Another little conditioning exercise you can attempt. In the book I had you making a knife-hand strike onto the palm of your other hand to demonstrate the force you could generate, especially if you learnt to relax your striking arm. Executing a few strikes like this against the other hand is a good conditioning exercise that not only toughens the edge of the hand, but also the palm of the hand. And since palm heel, knife-hand and hammer-fist are three of our most useful hand strikes….

 

Why a Kukri?


            A common thread on forums is “If you had to have only one XXXXX, what would you choose?” If I had to choose only one knife, I know what it would be, but it would be the same choice should the question be one edged tool, one tool or possibly just one survival item!

            My blade of choice is the Kukri, and the Kukri of choice would be the custom 10” bladed Sirupate I have. I will introduce you to this tool in a later blog post, when I can get some more current photos taken.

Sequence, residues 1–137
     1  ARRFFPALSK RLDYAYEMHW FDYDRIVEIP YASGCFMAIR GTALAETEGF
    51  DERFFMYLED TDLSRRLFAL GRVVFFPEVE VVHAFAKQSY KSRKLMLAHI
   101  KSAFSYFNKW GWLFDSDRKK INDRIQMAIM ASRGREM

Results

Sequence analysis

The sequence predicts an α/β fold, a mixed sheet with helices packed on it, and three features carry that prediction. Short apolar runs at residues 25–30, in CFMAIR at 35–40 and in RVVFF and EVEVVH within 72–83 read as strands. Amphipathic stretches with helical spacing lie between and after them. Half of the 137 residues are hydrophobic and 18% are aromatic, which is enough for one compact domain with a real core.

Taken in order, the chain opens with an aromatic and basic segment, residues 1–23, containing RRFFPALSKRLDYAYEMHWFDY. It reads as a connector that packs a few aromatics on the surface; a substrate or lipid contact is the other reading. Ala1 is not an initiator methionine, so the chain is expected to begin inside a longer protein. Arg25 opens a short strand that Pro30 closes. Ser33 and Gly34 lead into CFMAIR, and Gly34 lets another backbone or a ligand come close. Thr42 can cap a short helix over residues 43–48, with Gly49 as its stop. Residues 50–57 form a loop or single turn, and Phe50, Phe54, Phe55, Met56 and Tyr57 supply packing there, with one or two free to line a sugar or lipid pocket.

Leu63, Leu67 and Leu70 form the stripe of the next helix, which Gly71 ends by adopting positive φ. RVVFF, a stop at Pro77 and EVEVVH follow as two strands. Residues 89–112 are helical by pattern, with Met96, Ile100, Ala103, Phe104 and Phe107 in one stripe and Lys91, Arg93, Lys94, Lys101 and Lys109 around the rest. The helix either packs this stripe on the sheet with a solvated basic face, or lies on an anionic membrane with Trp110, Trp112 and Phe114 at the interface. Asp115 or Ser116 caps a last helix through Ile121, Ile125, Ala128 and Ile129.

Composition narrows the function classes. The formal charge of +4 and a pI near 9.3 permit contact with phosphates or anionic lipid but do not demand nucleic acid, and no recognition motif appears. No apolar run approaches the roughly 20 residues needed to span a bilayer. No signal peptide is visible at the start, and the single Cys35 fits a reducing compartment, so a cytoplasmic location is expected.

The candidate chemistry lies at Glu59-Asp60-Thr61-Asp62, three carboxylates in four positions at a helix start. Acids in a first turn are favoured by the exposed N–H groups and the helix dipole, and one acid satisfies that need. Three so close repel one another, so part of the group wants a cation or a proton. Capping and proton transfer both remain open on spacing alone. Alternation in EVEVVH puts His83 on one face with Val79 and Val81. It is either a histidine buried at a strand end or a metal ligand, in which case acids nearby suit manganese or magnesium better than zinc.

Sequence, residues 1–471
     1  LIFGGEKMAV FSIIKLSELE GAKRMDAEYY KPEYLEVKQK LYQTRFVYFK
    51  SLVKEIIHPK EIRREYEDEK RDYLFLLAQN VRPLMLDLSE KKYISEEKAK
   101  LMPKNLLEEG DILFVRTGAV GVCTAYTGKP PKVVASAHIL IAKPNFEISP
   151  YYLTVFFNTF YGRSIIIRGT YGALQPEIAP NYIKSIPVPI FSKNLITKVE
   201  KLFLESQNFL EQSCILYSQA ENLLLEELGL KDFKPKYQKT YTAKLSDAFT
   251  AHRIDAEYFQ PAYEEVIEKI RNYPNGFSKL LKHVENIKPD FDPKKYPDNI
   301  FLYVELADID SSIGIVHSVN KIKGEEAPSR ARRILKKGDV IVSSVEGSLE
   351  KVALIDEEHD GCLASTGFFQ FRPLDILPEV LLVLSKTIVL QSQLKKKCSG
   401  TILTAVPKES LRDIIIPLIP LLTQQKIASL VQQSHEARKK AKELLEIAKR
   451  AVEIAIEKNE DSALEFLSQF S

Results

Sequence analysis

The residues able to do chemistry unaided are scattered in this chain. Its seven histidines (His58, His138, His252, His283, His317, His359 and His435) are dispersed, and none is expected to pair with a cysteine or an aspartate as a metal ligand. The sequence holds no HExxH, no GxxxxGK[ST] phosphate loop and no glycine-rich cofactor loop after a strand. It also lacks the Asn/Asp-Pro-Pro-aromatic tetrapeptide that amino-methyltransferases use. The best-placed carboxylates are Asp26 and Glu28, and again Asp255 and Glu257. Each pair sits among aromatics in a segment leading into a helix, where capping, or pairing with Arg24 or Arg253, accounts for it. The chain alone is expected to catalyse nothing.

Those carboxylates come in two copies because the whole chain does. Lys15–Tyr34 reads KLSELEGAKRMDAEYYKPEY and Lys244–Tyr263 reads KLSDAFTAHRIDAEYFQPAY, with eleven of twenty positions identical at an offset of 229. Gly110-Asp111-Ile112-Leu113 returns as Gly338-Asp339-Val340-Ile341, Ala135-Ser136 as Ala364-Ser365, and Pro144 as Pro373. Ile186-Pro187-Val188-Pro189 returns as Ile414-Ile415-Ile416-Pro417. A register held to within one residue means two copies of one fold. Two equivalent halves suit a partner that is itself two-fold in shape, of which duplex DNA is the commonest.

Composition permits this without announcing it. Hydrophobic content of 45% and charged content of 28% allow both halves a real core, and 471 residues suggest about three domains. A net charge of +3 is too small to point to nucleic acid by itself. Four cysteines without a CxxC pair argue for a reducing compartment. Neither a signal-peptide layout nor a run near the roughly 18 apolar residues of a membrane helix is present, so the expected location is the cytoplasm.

Why the Kukri? This blog is mainly about self-defence, so we will deal with those aspects of the Kukri first.

            The Kukri is fast, agile and has formidable cutting power. The shape of the blade creates a mechanical advantage so that anything the edge encounters is drawn along the edge for an increased cutting action. When the Kukri encounters something, it bites deep!

            The shape and weight of the Kukri tends to bring the point onto the same line as the axis of the forearm, so contrary to nonsense you might read elsewhere, the Kukri is a very capable thrusting weapon. The broad thick blade tends to make a big hole.

            Should you need to pummel someone, the Kukri is well suited to this too. The butt of the grip has a broad metal plate with a smaller diamond shaped projection, in the middle of which is a small stud. A blow with this section will put a lot of force into a very small area. It will probably make a very effective window breaker too.